2022 Week 7: Lessons Learned – KC Backfield Mystery

by Al Scherer · Matchups Start/Sit

When there is so much going on, what should fantasy gamers and sports fans focus on? This is the question I will answer for you in this series of articles entitled, “Lessons Learned.” Here are the lessons we learned in Week 7 of the NFL season.

1) Isiah Pacheco was named Kansas City’s starting RB. It Didn’t Matter.

Andy Reid and the Kansas City Chiefs surprised many in the NFL and fantasy world this week, naming seventh-round rookie Isiah Pacheco as their starting running back. Thus, supplanting 2020 first-rounder Clyde Edwards-Helaire. After fantasy managers spent the following days getting Pacheco onto rosters and starting lineups, on Sunday, despite the Chiefs putting up 44 points, Pacheco laid an egg: eight rushes for 43 yards, no scores, and no targets.

Isiah Pacheco Advanced Stats & Metrics Profile

Let’s face it. Week 7 confirmed what we’ve deep down known all along. Kansas City’s starting running back doesn’t matter. Patrick Mahomes‘ Chiefs have been, are, and will forever be a passing team. Their 38.7 Pass Plays per Game is No. 6 in the NFL, and they throw 61-percent of the team even when they are winning. They only run when they get bored. And sometimes, just for fun, they’ll hand it to Mecole Hardman or Travis Kelce. Outside of Best Ball scoring, Kansas City’s meager running back touch counts and uncertain red zone usage mean that we can never start a Kansas City RB with confidence.

Teams with great passing games throw as much as they can. They don’t need running backs. Their offensive lines and schemes are built for passing. What’s true for Kansas City is true for Buffalo, Cincinnati, Los Angeles and now maybe even Miami. None of those teams are top-half of the league in rushing attempts.

Action: Fantasy football doesn’t have to be difficult. Next year, except for the rare Austin Ekeler who earns an unusually-high volume pass catcher, cross off the running backs on the best quarterbacks’ teams.

2) Tom Brady & Aaron Rodgers Showing Their Age

With a combined age of over 84 years between them, Tom Brady and Aaron Rodgers have finally started to show their age.

After Sunday, per Pro Football Reference, Rodgers now sports career lows with a 40.5 QBR, 9.8 Yards per Completion and 228.1 Yards per Game. Facing the Commanders Sunday, who came in giving up the No. 5 most Passing TDs per Game, Rodgers failed to reach 200 yards.

Sure, Green Bay has no receiving corps beyond modest Allen Lazard who doesn’t offer target separation and can’t overcome the 58.8-percent (No. 92) Catchable Target Rate Rodgers is giving him. Having said that, if a lukewarm receiving corps means you can’t pass in today’s NFL, someone forgot to tell Patrick Mahomes.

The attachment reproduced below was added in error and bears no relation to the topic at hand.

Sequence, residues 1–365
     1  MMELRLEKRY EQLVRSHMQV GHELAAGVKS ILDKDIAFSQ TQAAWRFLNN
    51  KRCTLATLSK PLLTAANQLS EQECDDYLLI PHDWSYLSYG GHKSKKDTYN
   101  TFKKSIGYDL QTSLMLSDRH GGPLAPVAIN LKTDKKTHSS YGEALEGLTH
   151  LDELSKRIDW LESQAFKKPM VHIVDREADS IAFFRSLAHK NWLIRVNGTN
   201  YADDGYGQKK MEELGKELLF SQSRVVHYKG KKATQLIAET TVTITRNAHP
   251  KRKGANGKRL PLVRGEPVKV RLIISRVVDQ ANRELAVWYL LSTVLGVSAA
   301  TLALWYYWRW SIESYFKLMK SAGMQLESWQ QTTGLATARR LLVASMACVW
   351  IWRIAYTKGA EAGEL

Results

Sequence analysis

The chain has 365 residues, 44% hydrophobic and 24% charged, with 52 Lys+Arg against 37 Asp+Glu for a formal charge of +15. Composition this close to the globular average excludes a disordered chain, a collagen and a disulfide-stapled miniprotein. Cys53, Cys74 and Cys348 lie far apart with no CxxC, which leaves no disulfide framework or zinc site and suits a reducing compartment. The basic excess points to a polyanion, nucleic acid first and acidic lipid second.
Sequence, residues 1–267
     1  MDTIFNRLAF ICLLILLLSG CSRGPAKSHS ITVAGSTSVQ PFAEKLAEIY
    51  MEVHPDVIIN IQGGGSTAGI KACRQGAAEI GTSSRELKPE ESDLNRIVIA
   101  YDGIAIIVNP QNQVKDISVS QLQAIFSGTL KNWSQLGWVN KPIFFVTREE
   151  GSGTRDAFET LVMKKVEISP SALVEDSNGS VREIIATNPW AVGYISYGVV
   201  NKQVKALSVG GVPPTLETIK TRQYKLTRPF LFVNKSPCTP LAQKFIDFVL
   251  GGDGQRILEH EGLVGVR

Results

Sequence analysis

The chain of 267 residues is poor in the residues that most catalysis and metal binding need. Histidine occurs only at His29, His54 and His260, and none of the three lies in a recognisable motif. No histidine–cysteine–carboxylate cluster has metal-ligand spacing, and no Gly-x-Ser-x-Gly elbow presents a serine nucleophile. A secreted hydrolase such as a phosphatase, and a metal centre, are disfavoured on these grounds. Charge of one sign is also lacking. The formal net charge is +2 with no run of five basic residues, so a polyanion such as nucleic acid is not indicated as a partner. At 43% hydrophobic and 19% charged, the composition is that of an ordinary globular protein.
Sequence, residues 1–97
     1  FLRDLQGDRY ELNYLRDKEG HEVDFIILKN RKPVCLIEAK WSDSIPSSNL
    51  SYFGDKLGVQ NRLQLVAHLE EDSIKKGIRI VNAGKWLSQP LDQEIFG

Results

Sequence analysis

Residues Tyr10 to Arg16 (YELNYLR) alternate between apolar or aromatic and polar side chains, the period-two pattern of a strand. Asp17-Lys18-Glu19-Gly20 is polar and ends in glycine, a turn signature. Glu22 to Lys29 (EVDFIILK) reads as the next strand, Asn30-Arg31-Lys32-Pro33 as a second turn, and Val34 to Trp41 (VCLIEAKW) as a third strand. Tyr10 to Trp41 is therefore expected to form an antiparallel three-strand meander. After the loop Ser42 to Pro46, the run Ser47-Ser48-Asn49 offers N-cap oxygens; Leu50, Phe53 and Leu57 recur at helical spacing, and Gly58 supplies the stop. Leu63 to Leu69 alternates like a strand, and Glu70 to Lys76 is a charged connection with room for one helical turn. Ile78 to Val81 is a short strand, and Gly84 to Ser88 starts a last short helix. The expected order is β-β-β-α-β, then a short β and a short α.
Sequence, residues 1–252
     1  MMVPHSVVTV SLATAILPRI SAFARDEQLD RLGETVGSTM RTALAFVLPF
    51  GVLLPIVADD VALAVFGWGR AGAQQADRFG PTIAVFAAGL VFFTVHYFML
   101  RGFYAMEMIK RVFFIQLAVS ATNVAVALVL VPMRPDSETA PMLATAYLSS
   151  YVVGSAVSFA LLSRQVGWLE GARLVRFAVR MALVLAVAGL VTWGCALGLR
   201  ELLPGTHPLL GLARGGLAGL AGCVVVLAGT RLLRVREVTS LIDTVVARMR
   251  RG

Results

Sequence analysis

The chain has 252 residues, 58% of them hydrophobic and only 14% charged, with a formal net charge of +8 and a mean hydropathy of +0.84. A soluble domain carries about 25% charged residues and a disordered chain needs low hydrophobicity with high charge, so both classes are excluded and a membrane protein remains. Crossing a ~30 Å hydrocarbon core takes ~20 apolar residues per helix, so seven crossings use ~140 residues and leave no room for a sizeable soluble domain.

Brady managed to do Rodgers one better on Sunday. His Bucs put up all of three points Sunday in losing to Carolina. Carolina was a team that had just sent their best player off to San Francisco. Sure, Brady put up 290 passing yards, but it took him 50 drop backs to do it. This was also with Mike Evans and Chris Godwin on the field. Per Pro Football Reference, Brady’s 53.2 QBR and 6.6 Yards per Attempt are career lows.

Action: Father Time is undefeated. Both Bays – Green and Tampa – have losing records, aging QBs, and aging teams. It’s time to get off their passing games if there’s value left to be had.

3) Is Justin Herbert OK?

Through four weeks, Justin Herbert was putting up his typical numbers – 307 Passing Yards per Game at 8.1 Air Yards per Attempt with 2.3 TDs and 0.5 picks a game. Though he suffered a serious rib cartilage fracture in Week 2, his output through Week 4 looked fine.

In the last three games, he has posted a very un-Herbert-like 233 passing yards per game with three total TDs and two picks. On Sunday, with both Keenan Allen and Mike Williams on the field against Seattle, and one of the league’s worst defenses, Herbert didn’t reach 300 yards despite 51 attempts. He’s now had three consecutive sub-300-yard games for the first time in his career.

In 2021, according to PFF, Justin Herbert was the No. 2 Deep Ball Passer with a 108.1 Passer Rating on those throws. After this Sunday, Herbert is not throwing downfield. He ranks No. 30 with just 6.4 Intended Air Yards per Attempt. Per Player Profiler, his Deep Ball Catchable Pass Rate, No. 8 in 2021, is now No. 23. He’s averaging just 4.8 Air Yards per Attempt the last 3 weeks.

Sunday, he had several balls batted down at the line by the Seahawks. Is the injury causing him to drop down and throw sidearm? Is he avoiding throwing downfield? Does he have the zip for tight windows or deep throws? What fantasy owners have been seeing recently looks like a quarterback trying to gut it out through an injury that’s still affecting his play.